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Tory election hopes rest on the UK economy – they could go the way of the monasteries | Larry Elliott


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Tory MPs have been busy this past week and probably not found the time to watch Shardlake, the adaptation of CJ Sansom’s book set during the dissolution of the monasteries in the 1530s, but once the dust has settled from last week’s elections they might want to take a look.

This was a turbulent period. Having forced through his own version of Brexit through the break with Rome, Henry VIII then in effect nationalised the assets of religious houses dotted around England, Wales and Ireland. It was a seminal moment in the development of British capitalism and the nation state.

But what should alarm Rishi Sunak is the speed with which the monasteries went from being a mighty presence in the land to extinction. A process that began in 1536 was pretty much over by 1540.

Something similar could be happening to the Tory party today. Less than five years ago, the Conservatives won an 80-seat majority at the 2019 general election. On the basis of last week’s evidence from local elections they will do well to avoid a complete wipeout next time round. Andy Street’s defeat in the West Midlands mayoral race showed how bad things are for the prime minister.

Sunak still hopes an improving economy will boost his party’s survival hopes and there are three pieces of economic news coming up in the next two weeks that ought to be helpful: the interest-rate decision by the Bank of England on Thursday, the growth figures on Friday and the inflation numbers the following week.

The Bank’s monetary policy committee is not going to cut borrowing costs immediately but it is expected to send out a signal that a reduction will not be long in coming. The first move could come in late June, but mortgage rates will come down before that if the hint of an impending cut is strong enough.

On the following day, Office for National Statistics figures will show that the UK emerged from last year’s shallow recession in the first three months of 2024, with the economy expanding by 0.3% or 0.4% in the first quarter of the year.

Finally, the latest bulletin on the cost of living is likely to show the annual inflation rate in April dropping from 3.2% to somewhere close to the government’s 2% target, mainly due to the previous year’s big jump in domestic energy bills not being replicated this year.

The exit from recession and the fall in inflation will allow Sunak to say the economy has turned a corner, something the shadow chancellor, Rachel Reeves, will dispute in a speech this Tuesday.

Reeves says there is a gulf between the message from Sunak and the chancellor, Jeremy Hunt, and what voters think is happening, and that the public doesn’t buy the idea that things are getting better.

There are reasons for that, Reeves will argue. The first is that numbers on a graph – this one going down, another going up – mean very little to people. The inflation rate is falling but that means prices are simply rising at a slower rate. The cost of the weekly shop for the average family is 25% higher than it was two years ago.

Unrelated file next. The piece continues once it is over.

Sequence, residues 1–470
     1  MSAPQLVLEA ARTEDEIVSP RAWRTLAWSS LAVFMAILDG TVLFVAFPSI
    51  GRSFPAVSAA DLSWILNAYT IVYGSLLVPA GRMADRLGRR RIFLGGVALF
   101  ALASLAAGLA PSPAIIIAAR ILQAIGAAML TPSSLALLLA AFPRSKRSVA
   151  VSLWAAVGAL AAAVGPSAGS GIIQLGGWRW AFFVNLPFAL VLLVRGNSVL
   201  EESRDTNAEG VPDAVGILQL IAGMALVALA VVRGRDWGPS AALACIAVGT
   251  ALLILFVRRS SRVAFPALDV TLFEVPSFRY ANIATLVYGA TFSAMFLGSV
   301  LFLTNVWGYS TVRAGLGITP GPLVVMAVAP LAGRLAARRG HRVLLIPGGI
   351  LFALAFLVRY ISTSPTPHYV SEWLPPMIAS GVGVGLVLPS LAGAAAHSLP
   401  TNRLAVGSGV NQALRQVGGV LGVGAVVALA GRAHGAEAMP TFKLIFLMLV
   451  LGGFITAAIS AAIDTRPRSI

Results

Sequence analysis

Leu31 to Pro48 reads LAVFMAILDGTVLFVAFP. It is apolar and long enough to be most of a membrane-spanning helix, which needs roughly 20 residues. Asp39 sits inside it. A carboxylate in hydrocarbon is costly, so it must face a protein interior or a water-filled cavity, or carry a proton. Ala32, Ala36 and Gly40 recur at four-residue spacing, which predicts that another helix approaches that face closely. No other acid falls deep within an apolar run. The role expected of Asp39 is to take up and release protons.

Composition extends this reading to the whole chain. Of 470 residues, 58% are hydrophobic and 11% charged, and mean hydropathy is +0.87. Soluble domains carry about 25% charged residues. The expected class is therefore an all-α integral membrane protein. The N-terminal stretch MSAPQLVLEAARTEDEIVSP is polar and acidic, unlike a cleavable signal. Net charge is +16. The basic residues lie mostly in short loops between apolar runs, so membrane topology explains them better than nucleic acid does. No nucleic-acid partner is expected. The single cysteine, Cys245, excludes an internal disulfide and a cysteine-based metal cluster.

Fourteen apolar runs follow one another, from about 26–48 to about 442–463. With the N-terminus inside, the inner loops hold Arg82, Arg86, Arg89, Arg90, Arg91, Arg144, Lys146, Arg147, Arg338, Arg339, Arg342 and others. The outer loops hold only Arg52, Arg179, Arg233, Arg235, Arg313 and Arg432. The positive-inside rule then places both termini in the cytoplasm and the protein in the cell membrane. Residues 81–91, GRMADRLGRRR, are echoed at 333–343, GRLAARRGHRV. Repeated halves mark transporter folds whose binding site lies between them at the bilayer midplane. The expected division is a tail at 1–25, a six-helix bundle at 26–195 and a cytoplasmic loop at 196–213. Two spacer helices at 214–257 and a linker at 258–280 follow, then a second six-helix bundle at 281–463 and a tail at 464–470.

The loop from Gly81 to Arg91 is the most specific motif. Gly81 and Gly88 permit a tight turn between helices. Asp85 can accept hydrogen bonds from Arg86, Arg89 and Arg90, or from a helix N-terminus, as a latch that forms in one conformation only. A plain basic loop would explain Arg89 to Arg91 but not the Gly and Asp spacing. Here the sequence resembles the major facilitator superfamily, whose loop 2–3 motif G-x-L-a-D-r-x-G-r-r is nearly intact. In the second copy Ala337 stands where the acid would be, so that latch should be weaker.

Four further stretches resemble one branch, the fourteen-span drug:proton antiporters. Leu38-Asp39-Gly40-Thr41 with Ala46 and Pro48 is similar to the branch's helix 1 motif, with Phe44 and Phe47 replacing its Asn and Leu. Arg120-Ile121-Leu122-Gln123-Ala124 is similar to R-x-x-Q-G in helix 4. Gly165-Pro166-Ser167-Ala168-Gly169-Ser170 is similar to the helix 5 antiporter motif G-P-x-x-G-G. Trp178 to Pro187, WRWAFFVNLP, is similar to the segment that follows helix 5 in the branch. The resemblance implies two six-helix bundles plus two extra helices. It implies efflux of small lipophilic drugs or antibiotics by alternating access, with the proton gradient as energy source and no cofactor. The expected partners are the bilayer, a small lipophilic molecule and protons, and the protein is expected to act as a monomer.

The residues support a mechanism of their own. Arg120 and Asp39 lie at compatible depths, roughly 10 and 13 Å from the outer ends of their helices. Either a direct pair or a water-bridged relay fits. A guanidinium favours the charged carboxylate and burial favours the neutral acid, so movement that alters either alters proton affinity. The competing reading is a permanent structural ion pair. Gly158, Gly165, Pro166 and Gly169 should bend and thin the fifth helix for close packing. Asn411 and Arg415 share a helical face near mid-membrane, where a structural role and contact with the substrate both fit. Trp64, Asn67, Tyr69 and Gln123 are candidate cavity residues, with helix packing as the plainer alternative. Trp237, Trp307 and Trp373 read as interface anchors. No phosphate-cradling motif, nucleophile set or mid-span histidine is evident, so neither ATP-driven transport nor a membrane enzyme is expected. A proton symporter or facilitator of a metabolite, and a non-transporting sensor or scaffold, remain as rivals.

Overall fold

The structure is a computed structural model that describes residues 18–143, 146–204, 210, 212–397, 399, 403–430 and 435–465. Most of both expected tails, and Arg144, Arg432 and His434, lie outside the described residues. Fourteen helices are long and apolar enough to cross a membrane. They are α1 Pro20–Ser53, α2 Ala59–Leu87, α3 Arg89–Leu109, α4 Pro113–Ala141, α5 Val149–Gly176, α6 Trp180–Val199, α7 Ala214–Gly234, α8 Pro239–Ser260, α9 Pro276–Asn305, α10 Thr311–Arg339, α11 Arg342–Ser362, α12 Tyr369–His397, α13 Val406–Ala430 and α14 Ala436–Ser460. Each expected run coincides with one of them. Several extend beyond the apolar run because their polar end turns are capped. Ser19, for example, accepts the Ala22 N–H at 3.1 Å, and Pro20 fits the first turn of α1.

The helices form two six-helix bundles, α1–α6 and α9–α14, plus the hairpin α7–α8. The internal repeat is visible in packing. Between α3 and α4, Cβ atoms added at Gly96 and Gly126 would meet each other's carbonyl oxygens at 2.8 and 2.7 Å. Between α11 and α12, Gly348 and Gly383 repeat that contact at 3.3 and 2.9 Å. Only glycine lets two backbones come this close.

A second reason why the Conservatives are not seeing any benefit from the economy is that Hunt and Sunak are celebrating a distinctly average performance. The UK, according to the latest forecast from the Organisation for Economic Cooperation and Development, will grow by just 0.4% in 2024, which would make it the second worst in the G7 group of large industrial nations after Germany.

Likewise, an inflation rate of 2% might look good in comparison with its 11.1% peak in October 2022 but merely means the Bank of England is doing what it is supposed to do.

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There is obviously an element of political calculus in the timing of Reeves’s speech. She wants to get her retaliation in first, before ministers hit the news studios to trumpet that happy times are here again. While the shadow chancellor intends to leave nothing to chance, she has little to worry about.

Quarterly growth of 0.3-0.4% would be fine for a government 20-25 points behind in the polls if this were midterm, but not for a government fast approaching a general election. There is always a lag before better news feeds through into the public consciousness and on this occasion there are reasons – Partygate, Liz Truss’s brief premiership and NHS waiting lists for example – why the process is taking longer than usual.

The Conservatives say that voters don’t seem particularly keen on Labour either – and they are right about that. There is none of the enthusiasm for Sir Keir Starmer that there was when Tony Blair was leader of the opposition before the 1997 election.

This, though, is worse news for Sunak and Hunt than it is for Starmer and Reeves. Voters are unwilling to give the Conservatives a hearing under any circumstances and expectations are so low for Labour that it wouldn’t take much to exceed them.

There will be no victory from the jaws of defeat, as there was in 1992. The economy is going to remain in a low gear at least until the election, so the best the prime minister and chancellor can hope for is damage limitation.

The Conservative party has proved to be a formidable election-winning machine but the lessons from history are there. Following their split over the repeal of the Corn Laws in 1846 it took 28 years for the Conservatives to form another majority government.

The result of the general election is not in doubt. A more intriguing question is whether the Tories survive defeat or go the way of the monasteries.

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